After a bit we went our separate ways, as I had to get on the freeway up to Port St. Lucie. But before I left, he gave me two cds — the Cowboy Junkies’ “Pale Sun and Crescent Moon,” and an album called “Discount Fireworks” by a group called Over the Rhine, which, while they’re from Ohio too, I’ve never heard of (Gator was going to see them live that night).  He also gave me two books: a collection of criticism he edited about both the novel and the movie “No Country for Old Men” — Gator is more or less our nation’s foremost Cormac McCarthy expert — and a book called “Liberty Street: Encounters at Ground Zero” by Peter Josyph, who happens to be a friend of Gator’s.  I look forward to reading them both.

Two lessons here. First, it’s really awesome meeting readers, so maybe we’ll have to do some HBT meet-ups at some point. Second, while the awesomeness of meeting readers doesn’t depend on them giving me gifts, I ain’t gonna sneeze at ’em either.

With that my spring training dispatches are done for the day. Aaron and the guys will be checking in with other baseball news as usual, of course, but I have to get on the road to Fort Meyers, where I’ll be catching the Twins on Tuesday and the Red Sox on Wednesday.

Later Gators. 

Report: Braves sign Kurt Suzuki

KANSAS CITY, MO - AUGUST 20: Kurt Suzuki #8 of the Minnesota Twins hits against the Kansas City Royals at Kauffman Stadium on August 20, 2016 in Kansas City, Missouri. (Photo by Ed Zurga/Getty Images)
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The Braves reportedly have a deal in place with free agent catcher Kurt Suzuki, per Chris Cotillo of SB Nation. FOX Sports’ Ken Rosenthal adds that the contract is for one year, $1.5 million with up to $2.5 million in additional incentives.

Suzuki, 33, completed a three-year track with the Twins in 2016, slashing .258/.301/.403 with eight home runs in 373 PA. The veteran backstop likely won’t provide an offensive or defensive upgrade over current starter Tyler Flowers, but should give the Braves some depth at a position they’ve been looking to strengthen since the start of the offseason.

The team has yet to confirm the deal.

Jason Kipnis could join Team Israel for 2017 World Baseball Classic

CLEVELAND, OH - NOVEMBER 02:  Jason Kipnis #22 of the Cleveland Indians throws during batting practice prior to Game Seven of the 2016 World Series against the Chicago Cubs at Progressive Field on November 2, 2016 in Cleveland, Ohio.  (Photo by Gregory Shamus/Getty Images)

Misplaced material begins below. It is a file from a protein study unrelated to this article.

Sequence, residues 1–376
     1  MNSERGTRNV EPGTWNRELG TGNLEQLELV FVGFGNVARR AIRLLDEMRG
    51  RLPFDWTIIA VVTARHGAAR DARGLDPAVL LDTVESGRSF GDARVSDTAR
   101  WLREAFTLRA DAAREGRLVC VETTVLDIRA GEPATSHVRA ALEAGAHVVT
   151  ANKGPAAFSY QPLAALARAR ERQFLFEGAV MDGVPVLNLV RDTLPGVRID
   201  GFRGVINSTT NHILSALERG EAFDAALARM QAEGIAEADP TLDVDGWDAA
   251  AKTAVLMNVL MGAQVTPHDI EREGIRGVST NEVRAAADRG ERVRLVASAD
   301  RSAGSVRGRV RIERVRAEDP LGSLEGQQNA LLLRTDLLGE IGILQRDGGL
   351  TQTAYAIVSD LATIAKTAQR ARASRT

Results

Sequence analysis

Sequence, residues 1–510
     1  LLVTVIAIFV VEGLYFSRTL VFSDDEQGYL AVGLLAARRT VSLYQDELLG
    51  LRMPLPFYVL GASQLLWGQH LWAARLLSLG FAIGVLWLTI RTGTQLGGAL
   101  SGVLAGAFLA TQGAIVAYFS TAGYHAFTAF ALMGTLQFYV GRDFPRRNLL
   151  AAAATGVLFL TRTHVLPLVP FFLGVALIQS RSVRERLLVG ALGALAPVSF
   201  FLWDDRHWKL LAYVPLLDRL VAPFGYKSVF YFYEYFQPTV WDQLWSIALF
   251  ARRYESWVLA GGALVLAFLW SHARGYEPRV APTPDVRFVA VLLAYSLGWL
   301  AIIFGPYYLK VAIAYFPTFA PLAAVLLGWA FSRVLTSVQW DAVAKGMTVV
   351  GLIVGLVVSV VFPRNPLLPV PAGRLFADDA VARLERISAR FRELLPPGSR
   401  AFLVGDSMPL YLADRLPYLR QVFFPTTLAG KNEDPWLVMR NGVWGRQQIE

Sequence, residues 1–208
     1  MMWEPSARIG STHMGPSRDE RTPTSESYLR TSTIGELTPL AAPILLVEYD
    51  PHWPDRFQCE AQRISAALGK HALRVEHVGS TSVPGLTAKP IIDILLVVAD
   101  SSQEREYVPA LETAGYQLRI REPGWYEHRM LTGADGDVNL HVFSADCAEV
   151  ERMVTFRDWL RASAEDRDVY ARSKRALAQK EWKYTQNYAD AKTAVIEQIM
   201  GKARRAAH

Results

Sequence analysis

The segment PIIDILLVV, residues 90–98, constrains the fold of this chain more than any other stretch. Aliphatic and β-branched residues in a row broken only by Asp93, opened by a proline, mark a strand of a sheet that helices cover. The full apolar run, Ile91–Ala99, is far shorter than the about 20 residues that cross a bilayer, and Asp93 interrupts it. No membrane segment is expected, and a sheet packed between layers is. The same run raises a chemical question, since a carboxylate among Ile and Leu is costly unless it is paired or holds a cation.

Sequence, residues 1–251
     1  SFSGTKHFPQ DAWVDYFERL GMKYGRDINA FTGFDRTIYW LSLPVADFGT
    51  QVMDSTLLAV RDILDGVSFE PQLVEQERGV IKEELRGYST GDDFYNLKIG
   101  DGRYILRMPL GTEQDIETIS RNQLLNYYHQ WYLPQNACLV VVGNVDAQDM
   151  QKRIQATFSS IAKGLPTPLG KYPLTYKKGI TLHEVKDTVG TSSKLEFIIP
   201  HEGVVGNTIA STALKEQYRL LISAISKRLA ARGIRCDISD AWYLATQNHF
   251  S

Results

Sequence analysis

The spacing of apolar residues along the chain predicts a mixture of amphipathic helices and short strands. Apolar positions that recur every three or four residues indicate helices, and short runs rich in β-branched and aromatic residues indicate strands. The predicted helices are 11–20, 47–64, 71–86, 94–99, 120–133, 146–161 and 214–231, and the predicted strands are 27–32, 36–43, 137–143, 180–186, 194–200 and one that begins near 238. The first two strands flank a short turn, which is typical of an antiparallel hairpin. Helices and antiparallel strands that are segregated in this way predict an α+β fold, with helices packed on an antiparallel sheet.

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With the 2017 World Baseball Classic around the corner, Team Israel has reportedly reached out to Indians second baseman Jason Kipnis, per MLB Network’s Jon Morosi. Tournament rules stipulate that a player’s roster eligibility can be achieved in one of several ways: they were born in the country in question or hold citizenship/permanent legal residence there (or are simply capable of qualifying for citizenship), or one of their parents was born in the country or holds citizenship/permanent legal residence there.

For Kipnis, it’s the latter. Kipnis’ father, Mark Kipnis, is Jewish. That gives Kipnis the status he needs to suit up for Team Israel, despite the fact that he is a practicing Roman Catholic. He has yet to confirm or deny his participation in the competition.

Fifteen players have confirmed for Team Israel so far, including Mets’ infielder/outfielder Ty Kelly and free agents Sam Fuld, Nate Freiman, Jason Marquis and Jeremy Bleich. Per MLB.com’s Chad Thornburg, eight minor leaguers will also appear for the team. Like Kipnis, at least three other major leaguers are eligible for Team Israel’s roster but have yet to accept or decline involvement in the WBC: Dodgers center fielder Joc Pederson, Mariners infielder/outfielder Danny Valencia and free agent left-hander Craig Breslow.